I’m no longer a Christian, see Lost and How I went to theology school and lost my faith
I still think a christianity that’s accepting and even encouraging of queerness is totally consistent.
And I didn’t think I was queer when I wrote this but I am

I grew up assuming that homosexuality was bad™. I had the attitude that “There is bible verses and stuff, I don’t know where, but there are, and reasons”. And though I “knew” that homosexuality was a sin, as I grew up I couldn’t shake the feeling that we’d really screwed up the way we’d handled everything.

Then everything went to pieces and I left Christianity, which resolved another1 cognitive dissonance I had held as a Christian, and as an Atheist I could happily accept and ignore homosexuality. Not my problem any more.2

Once I returned to Jesus, and meant to respect the Bible, but the traditional interpretation of the various passages regarding homosexuality still really bugged me, more so than ever before. I felt torn by ideologies - on the one hand, I wanted to believe in what I felt lined up with what the bible taught, on the other hand I couldn’t stand with what I saw as widespread ostracisation and dehumanization of gay people by the church.

I recently read Torn by Justin Lee. And I recommend you do too. Gay or straight. Christian or non-. Look, I’ll lend you my kindle. It’s not a long book.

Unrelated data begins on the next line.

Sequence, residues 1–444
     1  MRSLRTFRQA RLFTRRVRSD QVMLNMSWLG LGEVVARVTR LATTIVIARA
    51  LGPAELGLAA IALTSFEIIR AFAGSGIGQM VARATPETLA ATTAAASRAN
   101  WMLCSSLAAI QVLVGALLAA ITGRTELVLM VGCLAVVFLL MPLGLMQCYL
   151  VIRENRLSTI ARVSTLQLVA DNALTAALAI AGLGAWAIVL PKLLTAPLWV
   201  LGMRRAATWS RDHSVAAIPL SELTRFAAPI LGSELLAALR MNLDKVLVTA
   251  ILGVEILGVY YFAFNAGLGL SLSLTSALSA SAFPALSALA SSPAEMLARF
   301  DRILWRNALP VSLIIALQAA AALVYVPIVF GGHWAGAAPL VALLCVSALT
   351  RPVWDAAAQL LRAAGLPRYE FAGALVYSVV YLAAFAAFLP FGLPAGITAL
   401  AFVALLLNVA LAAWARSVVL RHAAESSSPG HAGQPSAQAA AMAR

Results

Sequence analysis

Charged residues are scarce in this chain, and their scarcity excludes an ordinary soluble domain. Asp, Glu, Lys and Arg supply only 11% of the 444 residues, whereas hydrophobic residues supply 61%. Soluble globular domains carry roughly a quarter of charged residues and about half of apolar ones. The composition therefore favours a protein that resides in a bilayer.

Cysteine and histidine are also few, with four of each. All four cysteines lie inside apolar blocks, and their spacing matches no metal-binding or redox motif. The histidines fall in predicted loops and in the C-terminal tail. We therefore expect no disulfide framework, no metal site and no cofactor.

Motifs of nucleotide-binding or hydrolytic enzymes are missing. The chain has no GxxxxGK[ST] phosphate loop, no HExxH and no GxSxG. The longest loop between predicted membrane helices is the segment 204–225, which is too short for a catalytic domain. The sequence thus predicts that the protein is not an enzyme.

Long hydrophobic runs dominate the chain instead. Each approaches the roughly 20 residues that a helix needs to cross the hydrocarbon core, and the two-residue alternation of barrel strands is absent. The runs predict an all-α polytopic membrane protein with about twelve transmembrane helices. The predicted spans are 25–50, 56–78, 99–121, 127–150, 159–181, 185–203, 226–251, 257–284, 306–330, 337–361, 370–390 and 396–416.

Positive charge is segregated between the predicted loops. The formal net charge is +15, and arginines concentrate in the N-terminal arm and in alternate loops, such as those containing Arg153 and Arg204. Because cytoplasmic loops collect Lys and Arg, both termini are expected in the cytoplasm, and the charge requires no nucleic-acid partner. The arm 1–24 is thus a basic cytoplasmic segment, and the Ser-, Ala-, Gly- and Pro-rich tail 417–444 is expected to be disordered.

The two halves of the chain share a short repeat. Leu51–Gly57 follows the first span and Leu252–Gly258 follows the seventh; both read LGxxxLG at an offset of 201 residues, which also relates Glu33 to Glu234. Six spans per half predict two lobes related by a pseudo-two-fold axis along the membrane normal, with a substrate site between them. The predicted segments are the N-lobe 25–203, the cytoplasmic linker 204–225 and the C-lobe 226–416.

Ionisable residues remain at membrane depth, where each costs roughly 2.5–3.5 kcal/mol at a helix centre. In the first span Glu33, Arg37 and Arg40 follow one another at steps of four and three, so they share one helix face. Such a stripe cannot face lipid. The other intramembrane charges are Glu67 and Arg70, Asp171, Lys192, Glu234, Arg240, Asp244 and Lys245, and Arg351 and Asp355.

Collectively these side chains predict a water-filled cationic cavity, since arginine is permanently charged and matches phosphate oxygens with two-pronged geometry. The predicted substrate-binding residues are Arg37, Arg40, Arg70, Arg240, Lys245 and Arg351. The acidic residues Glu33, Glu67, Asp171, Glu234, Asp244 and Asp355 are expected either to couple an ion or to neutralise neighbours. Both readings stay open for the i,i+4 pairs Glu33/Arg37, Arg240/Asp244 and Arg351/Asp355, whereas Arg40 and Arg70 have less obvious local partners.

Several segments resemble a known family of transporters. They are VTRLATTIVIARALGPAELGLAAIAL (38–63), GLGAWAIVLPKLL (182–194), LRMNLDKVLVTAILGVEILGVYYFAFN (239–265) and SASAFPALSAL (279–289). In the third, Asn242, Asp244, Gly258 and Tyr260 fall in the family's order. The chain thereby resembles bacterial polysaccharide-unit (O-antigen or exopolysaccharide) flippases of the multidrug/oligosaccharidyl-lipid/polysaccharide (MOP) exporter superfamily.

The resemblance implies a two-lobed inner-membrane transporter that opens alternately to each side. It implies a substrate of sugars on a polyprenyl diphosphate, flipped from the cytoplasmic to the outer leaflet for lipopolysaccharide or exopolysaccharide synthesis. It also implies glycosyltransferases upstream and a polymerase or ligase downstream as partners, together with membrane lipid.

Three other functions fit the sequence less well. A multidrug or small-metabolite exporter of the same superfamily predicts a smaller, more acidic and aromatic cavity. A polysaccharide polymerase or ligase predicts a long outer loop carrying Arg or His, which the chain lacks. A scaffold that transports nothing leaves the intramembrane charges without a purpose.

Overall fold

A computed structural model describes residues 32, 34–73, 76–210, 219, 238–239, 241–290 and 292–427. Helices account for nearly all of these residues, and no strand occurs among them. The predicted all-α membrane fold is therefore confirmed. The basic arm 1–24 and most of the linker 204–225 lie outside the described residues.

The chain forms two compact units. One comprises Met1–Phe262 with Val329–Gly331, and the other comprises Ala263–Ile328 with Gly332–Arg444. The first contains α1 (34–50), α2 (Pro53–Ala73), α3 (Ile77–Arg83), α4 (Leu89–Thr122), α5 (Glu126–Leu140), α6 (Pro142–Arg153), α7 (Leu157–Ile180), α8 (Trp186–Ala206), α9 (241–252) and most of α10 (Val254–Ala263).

It’s autobiographical, it’s careful biblical interpretation, it’s grace-filled, and gentle. I was expecting a liberal-christianity burn-your-bible-jesus-is-a-hippie book, but it is so not that.

It shook up some of my long-held, but groundless beliefs about the source of homosexual orientations. It caused me to realise that though my most recent reconciliation attempts had me seeing same-sex-but-asexual romantic relationships as a-ok was not really enough - not everyone is as enamoured with the idea of continued singleness and celibacy as I am.

I’m now 100% behind the legalising of gay marriage (yeah, it’s just like me to show up late to the party), and will happily take the flak for supporting and advocating for Christian same-sex marriages. Because I think that’s the right thing to do.

Regardless of what you believe, please never never say “Love the sinner, hate the sin.” That is just about the most self-righteous, dehumanizing, trivialising, arrogant, judgemental, ugh.

  1. The other was evolution

  2. As I’d never thought of myself as anything but straight, it’s ridiculous that this was ‘my problem’ at any point.